May 27, 2015

The Functional Tradition

It’s not often I write two posts in a week… but yesterday was an incredible day. We’re working on a wonderful project on the south coast where we are planning to reconstruct a huge, defunct industrial site and create a dramatic new series of marine yacht basins lined with tall apartment buildings that draw inspiration from the great mercantile and naval ports of the 18th and 19th centuries.

We are starting, together with our client and the team, to make a series of visits to these precedents and yesterday we went to the Historic Naval Dockyard at Chatham, in Kent. Here are buildings from every decade of the 18th and 19th century – starting in 1704 and running through 200 years of the great age of military building. All are being beautifully preserved by the Chatham Historic Dockyard Trust, and it’s not often you see an organisation doing such an intelligent, careful, thoughtful job as to how to maintain and keep alive the spirit and character of such a massive site.

Our tour guide was Jonathan Coad, the renowned expert on Naval Military History, and author of the massive tome, Support for the Fleet, which is one of the books I most enjoyed buying for the office Library last year.

You must visit for yourself.  But here are a few photographs.

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The beautiful, restrained entrance to the Admiralty office.P1060958

Looking across the rooftops to the Commissioners House – 1704.P1060969

I never quite found out what this dollhouse was for.P1060978

An amazing painted ceiling in the Commissioner’s House Staircase – originally painted for the Great Cabin of the “Royal Sovereign”, a Naval ship so lavish that questions were asked in Parliament about the expense.P1060983 P1060988

Steps in the Ropery.P1060996

The Ropery is the longest single room I suspect I’ve ever been in, apart from Heathrow airport, perhaps. P1070001

Bicycles are used to get from one end to the other.P1070006

And this machine, built in 1811, is still used for the production of ropes – which continues on a commercial basis to this day in this mid-18th century building. Incredible.P1070011 P1070012 P1070014 P1070015 P1070017 P1070018 P1070021 P1070026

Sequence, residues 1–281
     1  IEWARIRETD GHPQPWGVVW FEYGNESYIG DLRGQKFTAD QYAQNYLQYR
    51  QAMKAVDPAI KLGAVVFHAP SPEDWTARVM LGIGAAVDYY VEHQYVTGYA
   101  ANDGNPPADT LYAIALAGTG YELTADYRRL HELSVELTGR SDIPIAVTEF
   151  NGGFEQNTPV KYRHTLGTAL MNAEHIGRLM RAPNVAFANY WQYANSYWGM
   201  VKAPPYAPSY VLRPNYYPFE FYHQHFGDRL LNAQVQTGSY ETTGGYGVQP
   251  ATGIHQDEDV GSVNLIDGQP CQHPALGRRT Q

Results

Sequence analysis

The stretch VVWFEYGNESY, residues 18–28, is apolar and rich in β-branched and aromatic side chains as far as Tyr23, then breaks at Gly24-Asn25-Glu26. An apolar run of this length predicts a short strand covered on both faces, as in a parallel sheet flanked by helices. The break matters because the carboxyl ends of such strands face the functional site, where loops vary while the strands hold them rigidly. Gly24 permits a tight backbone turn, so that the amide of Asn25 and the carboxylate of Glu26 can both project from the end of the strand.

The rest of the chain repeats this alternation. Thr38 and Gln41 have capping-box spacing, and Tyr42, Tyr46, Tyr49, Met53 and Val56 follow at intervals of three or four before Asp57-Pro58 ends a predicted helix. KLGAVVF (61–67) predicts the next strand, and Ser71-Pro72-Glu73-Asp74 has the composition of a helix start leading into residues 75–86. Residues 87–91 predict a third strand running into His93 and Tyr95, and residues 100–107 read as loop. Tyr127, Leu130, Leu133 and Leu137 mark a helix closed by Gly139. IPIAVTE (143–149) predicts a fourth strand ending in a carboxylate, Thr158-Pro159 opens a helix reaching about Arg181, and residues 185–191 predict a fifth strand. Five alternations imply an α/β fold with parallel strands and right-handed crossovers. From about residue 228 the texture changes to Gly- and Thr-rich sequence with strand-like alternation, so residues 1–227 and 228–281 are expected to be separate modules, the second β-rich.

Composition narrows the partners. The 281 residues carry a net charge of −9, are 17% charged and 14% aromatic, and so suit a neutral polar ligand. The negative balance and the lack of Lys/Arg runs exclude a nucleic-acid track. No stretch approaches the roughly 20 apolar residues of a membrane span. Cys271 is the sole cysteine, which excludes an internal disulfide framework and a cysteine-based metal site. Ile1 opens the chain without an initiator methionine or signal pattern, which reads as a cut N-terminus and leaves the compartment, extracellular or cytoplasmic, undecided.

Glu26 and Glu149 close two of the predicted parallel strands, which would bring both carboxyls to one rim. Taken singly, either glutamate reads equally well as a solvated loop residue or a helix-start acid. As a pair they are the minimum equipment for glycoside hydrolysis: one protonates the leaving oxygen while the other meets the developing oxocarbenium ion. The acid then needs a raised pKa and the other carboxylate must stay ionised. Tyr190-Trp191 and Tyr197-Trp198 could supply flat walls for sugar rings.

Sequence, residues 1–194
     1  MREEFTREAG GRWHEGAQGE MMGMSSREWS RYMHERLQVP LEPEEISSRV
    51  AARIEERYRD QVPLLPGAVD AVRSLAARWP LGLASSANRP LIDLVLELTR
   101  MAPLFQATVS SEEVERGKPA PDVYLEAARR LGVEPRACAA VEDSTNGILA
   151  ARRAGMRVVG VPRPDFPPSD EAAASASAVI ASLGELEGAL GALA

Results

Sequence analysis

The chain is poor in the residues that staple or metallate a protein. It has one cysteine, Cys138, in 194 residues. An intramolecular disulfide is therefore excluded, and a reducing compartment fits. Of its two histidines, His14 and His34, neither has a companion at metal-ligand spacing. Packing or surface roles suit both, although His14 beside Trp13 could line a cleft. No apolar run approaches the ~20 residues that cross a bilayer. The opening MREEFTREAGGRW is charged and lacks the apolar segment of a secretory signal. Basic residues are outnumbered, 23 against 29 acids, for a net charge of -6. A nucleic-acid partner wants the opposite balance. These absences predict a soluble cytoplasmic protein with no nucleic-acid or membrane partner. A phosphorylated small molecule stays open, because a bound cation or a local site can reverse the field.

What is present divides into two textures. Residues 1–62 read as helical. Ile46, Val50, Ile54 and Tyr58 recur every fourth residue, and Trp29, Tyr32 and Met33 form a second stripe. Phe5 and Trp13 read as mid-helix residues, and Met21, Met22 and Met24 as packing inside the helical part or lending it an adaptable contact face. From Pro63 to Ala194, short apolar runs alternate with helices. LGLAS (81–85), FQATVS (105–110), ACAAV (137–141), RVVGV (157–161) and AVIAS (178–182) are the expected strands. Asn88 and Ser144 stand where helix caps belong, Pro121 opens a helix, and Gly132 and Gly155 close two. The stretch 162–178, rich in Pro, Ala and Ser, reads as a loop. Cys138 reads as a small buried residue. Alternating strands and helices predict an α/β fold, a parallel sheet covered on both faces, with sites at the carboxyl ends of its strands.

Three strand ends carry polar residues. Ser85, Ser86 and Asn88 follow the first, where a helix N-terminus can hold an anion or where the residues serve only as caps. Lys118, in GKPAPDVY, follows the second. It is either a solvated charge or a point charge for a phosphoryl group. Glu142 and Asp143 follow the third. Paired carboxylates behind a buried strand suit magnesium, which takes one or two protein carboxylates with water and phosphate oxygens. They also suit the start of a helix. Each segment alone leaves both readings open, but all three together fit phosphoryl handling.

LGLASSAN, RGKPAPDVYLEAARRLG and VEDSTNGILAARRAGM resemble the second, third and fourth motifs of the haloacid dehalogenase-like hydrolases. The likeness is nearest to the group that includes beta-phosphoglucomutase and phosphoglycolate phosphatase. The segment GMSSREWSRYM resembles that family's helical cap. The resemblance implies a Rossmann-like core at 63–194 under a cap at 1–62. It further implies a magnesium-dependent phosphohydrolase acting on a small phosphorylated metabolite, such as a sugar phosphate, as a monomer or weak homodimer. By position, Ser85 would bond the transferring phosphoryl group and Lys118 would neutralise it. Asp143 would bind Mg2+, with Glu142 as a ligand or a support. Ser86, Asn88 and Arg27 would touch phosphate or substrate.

Around and about are dotted gaudily coloured figureheads.  I’d love to get one of these in the shop window.P1070027 P1070028

A crest to George III, boldly gilded.P1070031 P1070037

The white yarn shed. An incredible space – now much used for films and fashion shoots.P1070039 P1070041 P1070042 P1070043 P1070045 P1070046 P1070051The storage warehouses. These contained Royal Naval supplies.P1070060

A miscellaneous collection of railway carts lies outside the warehouse.P1070061 P1070063 The warehouse is an extraordinarily long and powerful building. It is still used for storage – for an archive company based in London. The trust have resisted conversion to flats… they do not want the character of these buildings to be changed by hanging baskets and ventilation pipes.  Brilliant.
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Inside the museum is a model showing the dockyard at its heyday in the mid nineteenth century.P1070068 P1070069

We could only dip into the museum – a brilliant display.
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Officers’ terraced housing now forms private houses. Thankfully, the trust also decided not to split these into flats. They are all as originally planned.  The Doric porches are a later addition and feature in many officers’ houses in all the Naval Dockyards.P1070076

The joinery workshop is early 19th century but could have been designed in the post-WW2 period.P1070079

A view down the side of the joinery workshop.P1070081

The timber seasoning sheds were a crucial part of the success of the navy during the Napoleonic wars.  If ships were built from unseasoned timber they rotted.  In the late 18th century this became a major problem and a policy was put in place to season timber in preparation for rapid shipbuilding during escalation of war.  The seasoning sheds meant that the Royal Navy was built of stronger timbers than the French navy. P1070083

The 19th century smithy building – a metal foundry.P1070085P1070095

The most beautiful building of all is the last remaining covered slip – you can catch a glimpse of a ship being launched from this building in the photograph of the model, above.

It is a dramatic piece of contemporary architecture – built in 1838.P1070087

Beyond are beautiful, dramatic, later 19th century covered ship building sheds.P1070097

The interior of Slip No. 3 is remarkable.  It now contains a collection of ‘big things’, as our guide from the Trust said, that they don’t have anywhere else to put.P1070102 P1070106 P1070108

In 1906 a mezzanine floor was inserted in to the giant shed.  Arriving within the roof is a dramatic and beautiful moment.P1070109 P1070111 P1070114 P1070115 P1070116 P1070125

The sun came through the clouds and created a beautiful pattern on the floor, through the extraordinary series of staggered skylights.P1070127 P1070129 It is an extraordinary space – timeless – modern and traditional all at once.  One our favourite books in the office – which I guess we refer to on a weekly basis – is J M Richards and Eric de Mare’s The Functional Tradition – beautiful, haunting photographs of 18th and 19th century industrial buildings. Chatham features heavily.  This building is a perfect example of the Functional Tradition.
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We left, amazed.  You will see why I had to post, and I hope this is a taster to inspire your own visit to the Medway coast of Kent.

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